Birds encountered in Alaska during summer months, many of them nesting, from 67 unique taxa (to date).

Kingdom Animalia (animals)
Phylum Chordata (chordates)
Class Aves (birds)

Temporal Coverage

Living Time Period 2013 to present

Project Data

No Description available

Title US Geological Survey - Alaska Science Center - Changing Arctic Ecosystems - Alaska - Birds
Funding US Geological Survey Changing Arctic Ecosystems Initiative.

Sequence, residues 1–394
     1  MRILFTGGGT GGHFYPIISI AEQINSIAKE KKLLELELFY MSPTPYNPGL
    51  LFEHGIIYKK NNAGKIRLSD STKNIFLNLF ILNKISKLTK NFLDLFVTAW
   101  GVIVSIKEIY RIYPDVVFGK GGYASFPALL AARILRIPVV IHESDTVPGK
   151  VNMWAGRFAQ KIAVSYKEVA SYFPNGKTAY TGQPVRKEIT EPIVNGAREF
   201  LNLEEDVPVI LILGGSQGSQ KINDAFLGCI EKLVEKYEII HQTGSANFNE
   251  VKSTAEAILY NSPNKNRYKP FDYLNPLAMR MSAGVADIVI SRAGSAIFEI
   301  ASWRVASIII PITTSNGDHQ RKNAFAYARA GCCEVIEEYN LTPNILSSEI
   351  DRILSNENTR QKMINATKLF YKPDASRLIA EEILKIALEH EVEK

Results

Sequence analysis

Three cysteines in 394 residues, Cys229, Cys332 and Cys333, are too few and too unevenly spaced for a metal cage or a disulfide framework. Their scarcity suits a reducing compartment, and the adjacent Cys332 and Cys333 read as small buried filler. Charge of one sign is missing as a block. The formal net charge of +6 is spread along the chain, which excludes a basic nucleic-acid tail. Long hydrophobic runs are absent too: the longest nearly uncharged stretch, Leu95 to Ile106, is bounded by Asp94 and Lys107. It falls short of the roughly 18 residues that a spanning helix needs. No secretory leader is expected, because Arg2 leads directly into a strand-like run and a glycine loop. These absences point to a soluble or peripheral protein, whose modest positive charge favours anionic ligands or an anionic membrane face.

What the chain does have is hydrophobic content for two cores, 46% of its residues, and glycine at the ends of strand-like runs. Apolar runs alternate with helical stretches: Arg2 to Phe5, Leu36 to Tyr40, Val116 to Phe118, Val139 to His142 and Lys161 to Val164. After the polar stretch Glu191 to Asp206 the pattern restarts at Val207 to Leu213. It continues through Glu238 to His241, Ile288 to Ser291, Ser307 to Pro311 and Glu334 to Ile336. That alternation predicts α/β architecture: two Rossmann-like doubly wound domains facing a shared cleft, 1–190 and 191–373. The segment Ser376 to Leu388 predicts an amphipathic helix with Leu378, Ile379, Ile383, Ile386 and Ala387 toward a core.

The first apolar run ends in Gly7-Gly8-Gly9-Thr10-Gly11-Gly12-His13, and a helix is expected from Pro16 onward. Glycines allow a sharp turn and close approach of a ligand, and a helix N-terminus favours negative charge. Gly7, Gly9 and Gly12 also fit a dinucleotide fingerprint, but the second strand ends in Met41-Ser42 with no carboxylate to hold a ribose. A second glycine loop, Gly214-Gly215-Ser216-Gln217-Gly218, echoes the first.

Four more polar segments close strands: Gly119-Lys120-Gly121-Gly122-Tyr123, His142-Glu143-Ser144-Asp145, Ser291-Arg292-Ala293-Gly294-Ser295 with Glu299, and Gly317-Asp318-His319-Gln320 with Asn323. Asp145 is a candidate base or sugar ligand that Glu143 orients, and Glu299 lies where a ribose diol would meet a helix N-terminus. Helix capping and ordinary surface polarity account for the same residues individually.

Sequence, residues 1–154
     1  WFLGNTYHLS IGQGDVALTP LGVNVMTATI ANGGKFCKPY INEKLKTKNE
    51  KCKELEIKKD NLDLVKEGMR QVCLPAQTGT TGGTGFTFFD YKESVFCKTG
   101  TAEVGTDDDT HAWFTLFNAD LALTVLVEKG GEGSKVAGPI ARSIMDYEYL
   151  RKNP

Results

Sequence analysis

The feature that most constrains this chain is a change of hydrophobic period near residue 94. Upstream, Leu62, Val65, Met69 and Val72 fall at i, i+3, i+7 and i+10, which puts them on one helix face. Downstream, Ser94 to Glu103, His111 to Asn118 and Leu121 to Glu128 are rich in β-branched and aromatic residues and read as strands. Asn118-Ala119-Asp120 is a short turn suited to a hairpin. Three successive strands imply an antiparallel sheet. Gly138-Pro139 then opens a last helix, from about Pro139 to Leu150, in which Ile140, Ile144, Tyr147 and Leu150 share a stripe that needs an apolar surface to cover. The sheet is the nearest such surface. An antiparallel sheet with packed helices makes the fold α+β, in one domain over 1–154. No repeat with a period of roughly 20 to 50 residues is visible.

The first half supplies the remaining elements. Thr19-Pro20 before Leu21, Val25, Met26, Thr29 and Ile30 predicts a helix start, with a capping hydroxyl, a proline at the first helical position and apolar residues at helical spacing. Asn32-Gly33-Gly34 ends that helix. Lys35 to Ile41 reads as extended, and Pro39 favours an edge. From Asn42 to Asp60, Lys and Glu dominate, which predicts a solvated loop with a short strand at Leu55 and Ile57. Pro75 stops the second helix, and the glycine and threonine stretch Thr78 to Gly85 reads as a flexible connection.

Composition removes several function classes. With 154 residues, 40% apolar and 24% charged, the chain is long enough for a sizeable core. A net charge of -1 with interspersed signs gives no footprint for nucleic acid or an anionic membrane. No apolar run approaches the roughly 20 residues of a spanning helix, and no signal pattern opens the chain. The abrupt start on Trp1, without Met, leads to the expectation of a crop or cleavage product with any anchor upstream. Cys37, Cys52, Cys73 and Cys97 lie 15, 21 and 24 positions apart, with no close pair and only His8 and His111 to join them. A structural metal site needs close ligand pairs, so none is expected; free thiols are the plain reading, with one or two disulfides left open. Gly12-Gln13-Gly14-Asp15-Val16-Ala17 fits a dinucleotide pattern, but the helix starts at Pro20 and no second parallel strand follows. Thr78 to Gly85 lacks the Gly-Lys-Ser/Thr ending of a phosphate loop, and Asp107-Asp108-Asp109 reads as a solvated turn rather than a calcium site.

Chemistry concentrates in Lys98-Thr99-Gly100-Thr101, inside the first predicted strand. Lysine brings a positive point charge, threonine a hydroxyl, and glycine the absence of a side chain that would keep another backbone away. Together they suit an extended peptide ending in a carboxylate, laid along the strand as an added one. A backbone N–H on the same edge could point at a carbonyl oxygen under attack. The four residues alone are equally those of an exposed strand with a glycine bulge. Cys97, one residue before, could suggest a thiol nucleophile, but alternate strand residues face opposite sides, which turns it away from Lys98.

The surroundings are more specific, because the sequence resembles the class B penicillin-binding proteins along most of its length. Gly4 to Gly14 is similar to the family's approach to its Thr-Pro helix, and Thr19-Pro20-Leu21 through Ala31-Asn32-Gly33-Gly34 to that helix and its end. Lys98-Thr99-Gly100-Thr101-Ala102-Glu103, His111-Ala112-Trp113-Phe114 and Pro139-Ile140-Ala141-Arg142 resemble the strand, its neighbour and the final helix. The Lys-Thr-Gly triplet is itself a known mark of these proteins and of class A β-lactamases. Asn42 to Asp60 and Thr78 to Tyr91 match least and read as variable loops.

Study Area Description This study is being conducted on a variety of Alaska's ecosystems: 1) Chipp on the ACP between the Brooks Range and the Arctic Ocean, north of the Arctic Circle (~70° 32' N, -155° 21' W). This area is part of the NPR-A, where oil and gas development is expected to increase, and is owned and managed by the BLM. The region consists of low tundra, including sedge, moss, dwarf-shrub wetlands (W2) and tussock-sedge, dwarf-shrub, moist tundra (G4) ecosystems described in the Circumpolar Arctic Vegetation Map (Walker et al. 2005). There is an extensive system of fish-bearing lakes and several major drainage rivers. More specifically, our research is confined to two, 7 kilometer-squared study plots, approximately 35 km apart, along the Chipp River, 100 km (60 miles) southeast of the community of Barrow. Each plot exhibits different ecological and climatic characteristics; Chipp North (N 70.686, W-155.304) -- this dataset -- is closer to the coast and lower lying, while the Chipp South (N 70.395, W -155.407) is more inland, having rolling terrain features. 2) Several areas of Alaska's Seward Peninsula, including beyond the international date line. 3) Alaska's North Slope along the Colville River Delta.